Finally, Womack and Lipford claim that the shooting evidence should not have been admitted against them because they did not participate in the actual shooting of the police officer. However, the evidence at trial established that these defendants were both involved in the drug trafficking conspiracy, and there was no evidence that they had withdrawn from the conspiracy prior to the shooting. See United States v. Walker, 796 F.2d 43, 49 (4th Cir. 1986) (noting that conspirators are deemed to continue as members of conspiracy absent affirmative evidence of termination of or withdrawal from conspiracy). Therefore, there was also no abuse of discretion in admitting the shooting evidence against Womack and Lipford. To the extent that Womack and Lipford assert that they were entitled to a limiting instruction under Federal Rule of Evidence 105,9 that claim fails for the same reason.


Because the shooting evidence had an established nexus to the drug conspiracy, that evidence was intrinsic and highly relevant to the drug trafficking conspiracy charge. We therefore affirm, in all respects, its admission by the district court.



Farmer also claims reversible error in the denial of his motion to suppress evidence seized during the execution of the search warrant on November 21, 1996. He challenges the denial of suppression on three grounds, arguing that the motion should have been granted because: (1) the search warrant was not supported by probable cause; (2) the search warrant for his home was not signed by the Magistrate; and (3) the police officers did not meet their obligation to "knock and announce" before entering. For the reasons explained below, we find each of these claims unavailing.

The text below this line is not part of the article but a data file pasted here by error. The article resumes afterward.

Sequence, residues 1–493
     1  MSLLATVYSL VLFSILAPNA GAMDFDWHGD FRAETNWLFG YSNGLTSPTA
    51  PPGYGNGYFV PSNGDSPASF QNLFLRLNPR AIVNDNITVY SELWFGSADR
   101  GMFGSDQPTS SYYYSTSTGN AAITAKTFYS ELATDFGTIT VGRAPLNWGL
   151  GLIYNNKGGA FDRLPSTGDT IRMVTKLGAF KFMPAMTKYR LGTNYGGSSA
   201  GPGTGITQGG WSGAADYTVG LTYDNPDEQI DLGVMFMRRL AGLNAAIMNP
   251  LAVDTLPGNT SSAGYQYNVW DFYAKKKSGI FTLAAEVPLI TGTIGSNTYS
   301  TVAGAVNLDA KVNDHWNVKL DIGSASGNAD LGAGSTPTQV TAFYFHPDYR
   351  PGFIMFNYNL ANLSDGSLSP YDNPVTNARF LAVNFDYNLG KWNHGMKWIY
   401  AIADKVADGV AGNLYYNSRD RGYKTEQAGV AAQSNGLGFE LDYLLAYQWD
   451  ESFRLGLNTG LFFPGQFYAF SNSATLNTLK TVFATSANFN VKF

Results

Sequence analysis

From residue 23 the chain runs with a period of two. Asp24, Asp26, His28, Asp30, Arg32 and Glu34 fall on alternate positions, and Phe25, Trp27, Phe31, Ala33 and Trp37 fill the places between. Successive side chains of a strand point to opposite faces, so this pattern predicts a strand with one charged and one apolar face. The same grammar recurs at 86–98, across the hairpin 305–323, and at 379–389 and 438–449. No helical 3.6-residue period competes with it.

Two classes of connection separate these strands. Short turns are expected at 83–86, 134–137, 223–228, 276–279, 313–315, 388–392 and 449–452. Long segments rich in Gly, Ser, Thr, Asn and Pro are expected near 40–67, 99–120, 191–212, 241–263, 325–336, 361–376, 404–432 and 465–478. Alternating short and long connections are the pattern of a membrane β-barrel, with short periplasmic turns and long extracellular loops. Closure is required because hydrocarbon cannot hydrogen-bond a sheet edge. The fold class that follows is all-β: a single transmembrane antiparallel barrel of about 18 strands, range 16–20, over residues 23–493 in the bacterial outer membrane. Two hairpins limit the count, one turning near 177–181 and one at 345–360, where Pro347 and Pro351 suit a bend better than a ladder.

First, Farmer claims that the search warrant itself was not supported by probable cause. We are compelled to reject this argument. Farmer clearly waived it in the district court when he agreed that his motion to suppress was based not on a challenge to probable cause but rather upon a violation of the "knock and announce" rule. J.A. 70. Further, we have carefully reviewed the evidence supporting the warrant, and we are confident that the warrant was supported by probable cause.



Farmer also contends that before the police began searching his home, they handed him a copy of the search warrant that did not bear the Magistrate's signature. Farmer asserts that this fact -that his copy of the warrant was unsigned -mandates suppression of the evidence gathered during the search. Farmer did not contend at the suppression hearing that the warrant was actually unsupported by probable cause; rather, he asserted that delivery of an unsigned copy was an independent constitutional violation.


Presuming that Farmer is correct that some copies of the warrant were signed but that his was not, this was, at most, a technical violation of Federal Rule of Criminal Procedure 41(d), and not a violation of the Fourth Amendment. Absent a demonstration of prejudice or bad faith -neither of which is present here-suppression of evidence is not the proper remedy for a violation of Rule 41(d). See United States v. Marx, 635 F.2d 436, 441 (5th Cir. 1981) ("Violations of Rule 41(d) are essentially ministerial in nature and a motion to suppress should be granted only when the defendant demonstrates legal prejudice or that non-compliance with the rule was intentional or in bad faith."). Because Farmer has neither alleged bad faith nor made a showing of prejudice, we affirm the district court on this issue.